The trial court ruled that the People would be allowed to introduce evidence of six prior incidents, concluding that "certain aspects of the three murders . . . , when compared with the prior . . . acts attributed to the defendant, contain many similarities which . . . could indeed be reflective of a common perpetrator, and that goes to identity, reveal a common plan and/or scheme, as well as a common intent."
Ultimately, the prosecution chose to introduce evidence of only four prior incidents.
The jurors were instructed that they could not rely on the other crimes evidence to prove that Little "is a person of bad character or that he has a disposition to commit crimes," but they could only rely on the evidence "for the limited purpose of determining if it tends to show the following: [¶] A characteristic method, plan, or scheme in the commission of criminal acts similar to the method, plan, or scheme used in the commission of the offense in this case," "the existence of the intent which is a necessary element of the crime charged; [¶] the identity of the person who committed the crimes" and "a motive for the commission of the crime charged."
Little asserts the "similarities" relied on by the trial court are weak, yet it is his asserted "differences" that are often weak or simply inaccurate. He claims the uncharged assaults were independent and apparently spontaneous, and therefore could not provide a " 'connecting link between the prior and present acts.' " But the opposite is true—the evidence reflects these acts were planned: Little kidnapped Laurie; he punched Hilda in the back of the head the moment she closed her apartment door; and when Leila told Little that he had driven past their destination (the Shamrock Hotel), Little replied: "I don't need to turn around for what I want to do to you," and then punched her in the head. Little asserts the uncharged assaults "do not evidence intent to kill" because all "the victims survived." But intent to kill is an element of attempted murder (People v. Juarez (2016) 62 Cal.4th 1164, 1170 ["Attempted murder requires the intent to kill and a direct but ineffectual act toward accomplishing the intended killing."]), and there was intent-to-kill evidence as to each uncharged assault. Hilda testified she believed Little was trying to kill her. While describing how she fought back against Little, Leila testified: "He was going to kill me." Laurie testified that she "knew this wasn't about rape, it wasn't about assault, it was about death, power and control, whether or not I was going to live . . . ." And Little himself asked the police officers who rescued Tonya , " 'How's the bitch? Is she going to make it[?]' " All seven victims exhibited the hallmarks of a severe physical beating (particularly, having been punched in the head) and manual strangulation.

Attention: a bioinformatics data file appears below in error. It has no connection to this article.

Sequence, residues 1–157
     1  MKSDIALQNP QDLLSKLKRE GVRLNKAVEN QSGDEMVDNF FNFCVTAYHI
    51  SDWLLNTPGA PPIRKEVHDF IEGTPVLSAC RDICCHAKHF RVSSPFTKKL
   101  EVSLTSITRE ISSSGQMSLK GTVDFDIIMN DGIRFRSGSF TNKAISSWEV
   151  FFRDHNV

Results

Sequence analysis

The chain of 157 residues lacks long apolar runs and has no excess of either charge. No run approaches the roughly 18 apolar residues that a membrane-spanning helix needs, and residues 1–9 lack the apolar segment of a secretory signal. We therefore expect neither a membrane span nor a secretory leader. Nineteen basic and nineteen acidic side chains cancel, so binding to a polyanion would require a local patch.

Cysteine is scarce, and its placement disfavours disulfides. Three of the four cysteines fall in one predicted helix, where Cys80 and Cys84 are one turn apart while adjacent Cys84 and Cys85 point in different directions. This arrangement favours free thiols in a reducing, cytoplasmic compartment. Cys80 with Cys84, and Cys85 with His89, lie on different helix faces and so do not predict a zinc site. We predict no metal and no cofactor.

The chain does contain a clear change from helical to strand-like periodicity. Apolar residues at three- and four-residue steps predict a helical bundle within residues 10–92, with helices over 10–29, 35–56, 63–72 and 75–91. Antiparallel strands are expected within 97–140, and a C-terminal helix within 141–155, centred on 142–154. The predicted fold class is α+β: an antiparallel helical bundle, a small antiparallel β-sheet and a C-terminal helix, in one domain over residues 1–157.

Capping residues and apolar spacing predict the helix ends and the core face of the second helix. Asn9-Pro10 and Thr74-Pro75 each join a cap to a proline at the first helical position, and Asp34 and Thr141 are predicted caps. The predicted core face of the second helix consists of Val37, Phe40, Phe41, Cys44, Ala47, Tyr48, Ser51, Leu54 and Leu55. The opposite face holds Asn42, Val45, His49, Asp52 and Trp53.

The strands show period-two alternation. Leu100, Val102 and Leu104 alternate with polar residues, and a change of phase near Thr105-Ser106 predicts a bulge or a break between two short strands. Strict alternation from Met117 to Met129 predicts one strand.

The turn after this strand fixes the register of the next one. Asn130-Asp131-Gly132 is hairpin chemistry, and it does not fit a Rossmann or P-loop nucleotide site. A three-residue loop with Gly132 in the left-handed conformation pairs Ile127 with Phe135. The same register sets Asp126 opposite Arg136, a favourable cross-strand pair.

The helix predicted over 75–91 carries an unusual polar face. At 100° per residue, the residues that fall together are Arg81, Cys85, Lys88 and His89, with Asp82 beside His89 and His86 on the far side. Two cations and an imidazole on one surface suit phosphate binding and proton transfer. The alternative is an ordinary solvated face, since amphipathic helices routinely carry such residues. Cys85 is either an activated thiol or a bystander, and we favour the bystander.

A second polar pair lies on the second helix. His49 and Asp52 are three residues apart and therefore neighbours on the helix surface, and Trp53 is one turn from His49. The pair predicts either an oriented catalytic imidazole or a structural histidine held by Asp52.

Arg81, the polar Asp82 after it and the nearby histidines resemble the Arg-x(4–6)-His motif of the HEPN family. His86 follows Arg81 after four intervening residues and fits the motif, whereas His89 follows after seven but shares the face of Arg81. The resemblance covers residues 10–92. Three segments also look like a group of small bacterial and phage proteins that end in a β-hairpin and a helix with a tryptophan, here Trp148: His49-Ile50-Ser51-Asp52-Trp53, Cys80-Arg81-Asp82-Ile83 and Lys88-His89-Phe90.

For example, Little argues, "There was no evidence of cocaine in any of the uncharged crimes," and "There was no DNA evidence in any of the uncharged crimes." But this is most probably explainable by the fact that only the murders entailed autopsies and DNA and drug testing. The "state of undress" distinctions Little mentions are reasonably explained by the People's argument that Little had the opportunity to "pose" the bodies of his murder victims.
The key question facing the jury in Little's trial was whether or not he had been the person who murdered these three women. We cannot say the trial court abused its discretion when it determined the other crimes evidence was admissible.
As our Supreme Court noted in People v. Carter (2005) 36 Cal.4th 1114, 1148, italics added: "To be highly distinctive, the charged and uncharged crimes need not be mirror images of each other." Hence, Carter concluded: "Although defendant notes certain differences in the circumstances surrounding the victims' deaths, the combination of fatal strangulation and placement of a young woman's body in a closed bedroom closet is both highly distinctive and suggestive that the same person perpetrated the crimes involving Knoll, Mills, and Cullins." (Ibid., see also People v. Jones (2013) 57 Cal.4th 899, 926, 931 [other crimes evidence properly admitted where series of women in prostitution area had been manually strangled, drugs were involved and the dead bodies "were treated like trash"].)
The case law relied on by Little does nothing to help his cause. In his reply brief, Little asserts: "[I]t is not enough to point to similarities which are not distinctive. For example, charged and uncharged murders, without more, would not be admissible merely because they shared the common similarity of being murders. (See People v. Rist (1976) 16 Cal.3d 211, 219; People v. Fries (1979) 24 Cal.3d 222, 230.)" But Rist and Fries are completely inapposite: they involved the reversal of convictions because the trial courts wrongly denied defense motions to exclude evidence of similar prior convictions offered for the purpose of impeaching the credibility of defendants who might otherwise have testified.
Little also relies on People v. Sam (1969) 71 Cal.2d 194, stating: "Here, as in Sam, the uncharged acts were independent of the charged acts, were at a different locale and time, and could not reasonably be considered to be linked to each other. They do not evidence a common scheme or plan." Little's reliance on Sam is misplaced.